Specific degrees in behavioural economics are virtually nonexistent. The reason for this lies in the fact that it is a very specialised field of economics, and is usually studied in the context of a larger economics degree. However by combining fields of study, one can become an expert in the field. Essentially, majoring in economics and minoring in psychology is the way to the equivalent of a degree in behavioural economics.
Experts in behavioural economics have a solid foundation in traditional economics, combined with studies in various fields of psychology and cognitive psychology.
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What is Behavioral Economics?
Behavioural economics refers to the field of study which combines modern economic theories with various aspects of psychology. The goal is to understand the emotional and cognitive functions as they relate to economic decisions, to help economists more accurately predict the behaviour of individuals and groups in relationship to money. Experts working in this field understand the motivations and reasons consumers and companies have in making their economic decisions, enabling them to make better financial choices for themselves and their clients.
Behavioural Economics Degrees
Finding a school that offers a degree in behavioural economics is almost impossible unless one attends an institution that allows students to design their own degree program. The alternative to this is to receive an economics degree in a more traditional field, and then concentrate in behavioural economics. Most schools that offer postgraduate degrees in economics will have classes that deal with behavioural economics. By taking these classes along with the traditional degree, a student is setting themselves up to be competent in that field.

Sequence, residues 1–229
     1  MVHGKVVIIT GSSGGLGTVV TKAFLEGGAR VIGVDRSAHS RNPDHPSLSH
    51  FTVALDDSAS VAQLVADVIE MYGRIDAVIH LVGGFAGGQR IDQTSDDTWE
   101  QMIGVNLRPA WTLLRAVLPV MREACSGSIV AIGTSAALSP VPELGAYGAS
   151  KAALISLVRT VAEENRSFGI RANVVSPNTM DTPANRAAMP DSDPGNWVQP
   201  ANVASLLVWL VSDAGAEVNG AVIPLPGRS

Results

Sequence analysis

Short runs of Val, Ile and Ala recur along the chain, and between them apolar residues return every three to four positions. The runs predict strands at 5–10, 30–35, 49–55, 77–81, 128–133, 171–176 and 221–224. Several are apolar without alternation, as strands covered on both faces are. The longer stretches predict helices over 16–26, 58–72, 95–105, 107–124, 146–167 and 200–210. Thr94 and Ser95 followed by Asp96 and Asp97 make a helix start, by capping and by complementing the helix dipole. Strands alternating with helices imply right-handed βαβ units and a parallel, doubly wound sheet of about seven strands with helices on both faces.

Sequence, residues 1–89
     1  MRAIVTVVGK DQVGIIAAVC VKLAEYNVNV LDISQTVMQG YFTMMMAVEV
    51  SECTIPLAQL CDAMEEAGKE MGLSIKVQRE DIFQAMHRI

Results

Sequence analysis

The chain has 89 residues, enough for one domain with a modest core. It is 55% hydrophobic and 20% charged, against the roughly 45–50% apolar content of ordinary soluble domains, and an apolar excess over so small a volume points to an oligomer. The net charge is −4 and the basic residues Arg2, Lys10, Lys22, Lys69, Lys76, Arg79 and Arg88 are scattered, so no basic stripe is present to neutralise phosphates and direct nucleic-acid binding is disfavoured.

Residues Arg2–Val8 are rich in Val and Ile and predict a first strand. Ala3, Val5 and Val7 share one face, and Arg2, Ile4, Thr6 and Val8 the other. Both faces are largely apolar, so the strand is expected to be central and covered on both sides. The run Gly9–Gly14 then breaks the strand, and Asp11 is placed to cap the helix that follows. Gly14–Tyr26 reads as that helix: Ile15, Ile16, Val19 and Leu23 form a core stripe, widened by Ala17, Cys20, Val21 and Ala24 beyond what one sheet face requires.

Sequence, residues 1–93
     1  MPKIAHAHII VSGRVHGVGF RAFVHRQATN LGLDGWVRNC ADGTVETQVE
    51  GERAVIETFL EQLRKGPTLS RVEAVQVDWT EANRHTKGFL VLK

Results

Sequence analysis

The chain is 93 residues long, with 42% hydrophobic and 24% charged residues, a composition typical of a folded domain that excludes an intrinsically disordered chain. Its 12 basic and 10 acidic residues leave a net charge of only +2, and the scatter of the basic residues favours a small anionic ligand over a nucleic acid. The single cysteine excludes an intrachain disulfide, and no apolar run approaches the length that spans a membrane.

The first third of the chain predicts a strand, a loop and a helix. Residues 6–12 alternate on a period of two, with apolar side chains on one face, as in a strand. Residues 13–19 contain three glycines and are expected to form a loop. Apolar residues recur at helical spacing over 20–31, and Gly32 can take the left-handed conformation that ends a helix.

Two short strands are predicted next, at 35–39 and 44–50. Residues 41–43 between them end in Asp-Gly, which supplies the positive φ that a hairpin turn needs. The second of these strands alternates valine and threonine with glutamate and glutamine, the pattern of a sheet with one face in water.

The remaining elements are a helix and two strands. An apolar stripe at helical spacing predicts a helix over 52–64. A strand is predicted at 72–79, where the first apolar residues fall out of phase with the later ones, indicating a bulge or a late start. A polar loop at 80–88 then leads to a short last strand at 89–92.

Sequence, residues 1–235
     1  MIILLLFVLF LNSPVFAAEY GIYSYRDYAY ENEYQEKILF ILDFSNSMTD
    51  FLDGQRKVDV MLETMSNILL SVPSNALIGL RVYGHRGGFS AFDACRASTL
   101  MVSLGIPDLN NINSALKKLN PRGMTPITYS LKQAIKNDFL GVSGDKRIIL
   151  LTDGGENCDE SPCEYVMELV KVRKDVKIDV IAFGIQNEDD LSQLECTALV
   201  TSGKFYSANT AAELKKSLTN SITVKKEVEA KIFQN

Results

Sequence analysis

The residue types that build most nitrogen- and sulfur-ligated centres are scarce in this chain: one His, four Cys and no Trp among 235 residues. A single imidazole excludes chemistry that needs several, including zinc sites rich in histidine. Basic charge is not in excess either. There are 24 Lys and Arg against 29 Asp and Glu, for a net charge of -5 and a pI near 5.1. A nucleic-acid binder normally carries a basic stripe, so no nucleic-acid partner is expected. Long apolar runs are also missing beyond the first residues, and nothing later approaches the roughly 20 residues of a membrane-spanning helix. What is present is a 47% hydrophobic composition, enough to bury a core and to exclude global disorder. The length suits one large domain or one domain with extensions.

The best way to become an expert in the field of behavioural economics is to begin by taking a traditional economics path. Get the appropriate foundation, usually up to at least a bachelor's degree. Because the field of behavioural economics is so specialised, most people who focus on this field are doing so in their later years of education. Few schools will even offer a behavioural economics class to undergraduate students.
When a solid foundation in the field of economics is achieved, the student should then begin to add psychology classes. Cognitive psychology is the most common.
Choosing a School
Because there is no specific degree for behavioural economics, the best way to choose a school is to find one that offers a progressive economics department and a progressive psychology department. If you are an undergraduate, look further ahead to the master's level courses and see if there are specific behavioural economics classes. If the school offers any classes in this field, you will know that the school is capable of advising you in the right direction.
Many students interested in this field look for the current experts, and choose a school based on the instructors.
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- Education Portal: Behavioral Economics Degree and Certificate Program Overviews
- Education Portal: Behavioral Economics Master's Degree Programs
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- The Concise Encyclopedia of Economics: Behavioral Economics by Richard H. Thaler and Sendhil Mullainathan